Curtains

There is little charm or originality in today’s designs. Much of it looks the same wherever I go. But when I shop in quilt stores or on quilt fabric websites, I find gorgeous fabric with all kinds of designs. There are even reproductions from different eras.

I’ve also found that estate sales are a good source of vintage fabric. When I find a lovely piece of fabric, sturdy Made-in-the-USA stuff from the mid-20th century, it’s like finding a treasure. I’ve made things for my grandchildren out of vintage fabric; it’s a joy to work with, and wears like iron. I just made my newest grandchild a crib sheet out of a lovely vintage sheet. So pretty!

Each spring, the Salvation Army in my town holds a fabric sale. Picture a large vacant storefront filled with donated fabric and craft supplies (all proceeds go to the Salvation Army). On the first day of the sale, there’s a very long line of women waiting to get in. Hundreds of women attend this sale every year, and I’m one of them. It’s so much fun, and I always come home with bags and bags of treasures to play with.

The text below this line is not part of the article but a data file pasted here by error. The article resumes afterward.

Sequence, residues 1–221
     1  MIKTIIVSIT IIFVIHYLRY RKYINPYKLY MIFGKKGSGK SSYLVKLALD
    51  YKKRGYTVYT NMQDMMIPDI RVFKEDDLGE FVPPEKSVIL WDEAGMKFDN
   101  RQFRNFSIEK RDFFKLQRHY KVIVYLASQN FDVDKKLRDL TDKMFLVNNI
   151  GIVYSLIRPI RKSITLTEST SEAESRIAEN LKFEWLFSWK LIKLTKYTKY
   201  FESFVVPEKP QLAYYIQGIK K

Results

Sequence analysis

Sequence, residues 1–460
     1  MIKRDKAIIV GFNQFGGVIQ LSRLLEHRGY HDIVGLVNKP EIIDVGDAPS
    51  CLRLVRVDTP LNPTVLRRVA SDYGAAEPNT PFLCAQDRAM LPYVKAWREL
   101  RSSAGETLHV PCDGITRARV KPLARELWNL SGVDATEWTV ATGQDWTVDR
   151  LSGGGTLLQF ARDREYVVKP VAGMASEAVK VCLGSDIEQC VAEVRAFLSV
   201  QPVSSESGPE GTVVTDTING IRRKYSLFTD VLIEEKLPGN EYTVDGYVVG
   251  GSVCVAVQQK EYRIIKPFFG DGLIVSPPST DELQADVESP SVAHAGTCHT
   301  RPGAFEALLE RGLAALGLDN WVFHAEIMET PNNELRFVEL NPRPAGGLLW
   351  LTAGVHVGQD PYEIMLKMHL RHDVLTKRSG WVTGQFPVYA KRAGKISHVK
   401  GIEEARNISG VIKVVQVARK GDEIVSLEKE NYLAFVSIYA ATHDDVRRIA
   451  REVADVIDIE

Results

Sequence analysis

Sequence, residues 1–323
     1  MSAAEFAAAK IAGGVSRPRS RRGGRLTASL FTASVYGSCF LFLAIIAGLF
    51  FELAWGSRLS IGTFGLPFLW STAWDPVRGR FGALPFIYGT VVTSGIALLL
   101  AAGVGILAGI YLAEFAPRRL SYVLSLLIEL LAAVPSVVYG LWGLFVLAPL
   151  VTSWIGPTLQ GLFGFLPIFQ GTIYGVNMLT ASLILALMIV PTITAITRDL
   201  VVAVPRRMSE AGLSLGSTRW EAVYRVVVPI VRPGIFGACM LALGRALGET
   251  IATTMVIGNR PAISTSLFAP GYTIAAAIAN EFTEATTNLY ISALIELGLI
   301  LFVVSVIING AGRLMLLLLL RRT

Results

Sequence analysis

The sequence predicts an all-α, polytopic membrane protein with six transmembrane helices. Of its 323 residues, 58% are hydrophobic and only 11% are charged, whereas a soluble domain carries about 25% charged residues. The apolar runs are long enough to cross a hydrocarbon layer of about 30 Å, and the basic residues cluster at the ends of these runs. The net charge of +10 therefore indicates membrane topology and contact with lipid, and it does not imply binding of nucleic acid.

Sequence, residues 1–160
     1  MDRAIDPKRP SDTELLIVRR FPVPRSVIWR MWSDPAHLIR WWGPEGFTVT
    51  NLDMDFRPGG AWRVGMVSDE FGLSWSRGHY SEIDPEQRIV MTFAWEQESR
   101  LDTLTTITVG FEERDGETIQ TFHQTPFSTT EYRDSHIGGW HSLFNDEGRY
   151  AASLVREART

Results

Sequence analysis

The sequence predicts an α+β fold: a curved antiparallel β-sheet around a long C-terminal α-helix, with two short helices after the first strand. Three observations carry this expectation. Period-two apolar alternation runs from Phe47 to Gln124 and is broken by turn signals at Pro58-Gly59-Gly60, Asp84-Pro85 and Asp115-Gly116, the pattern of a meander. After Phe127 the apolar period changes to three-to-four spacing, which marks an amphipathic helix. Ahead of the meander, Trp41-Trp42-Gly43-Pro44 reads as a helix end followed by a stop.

If it weren’t for vintage and quilt fabric, I might have fallen out of love with fabric (heaven forbid!) Instead, the love affair continues.

Want to Learn How to Sew?

Just had to share this cool new book with you! I’ve been sewing since I was a kid, so I don’t need a basic how-to-sew book. But the projects in this book, as easy as can be, are also so cute that I just couldn’t resist. :)

The book is called Pat Sloan’s I Can’t Believe I’m Sewing! It’s designed for people who’ve always wanted to learn to sew, but don’t know where to start. Unlike many sewing how-to books, this one includes ideas for finding a good used sewing machine, and inexpensive sources of fabric beyond what you can find at the store. Perfect for people trying to save some money, and aren’t we all these days?

The projects are easy and useful; the author features great new fabrics for an up-to-the-minute look. The table runner project is quick, easy, and a great way to highlight a few favorite fabrics. The scarf project is adorable, and the shower curtain is amazingly easy but will definitely perk up your bathroom.

As far as I’m concerned, no sewing book is complete without at least one quilt in it. This book has a couple of quilt patterns (very easy ones) plus pillows and pillowcases, so you can coordinate fabrics and make a matching set. Great simple gift ideas!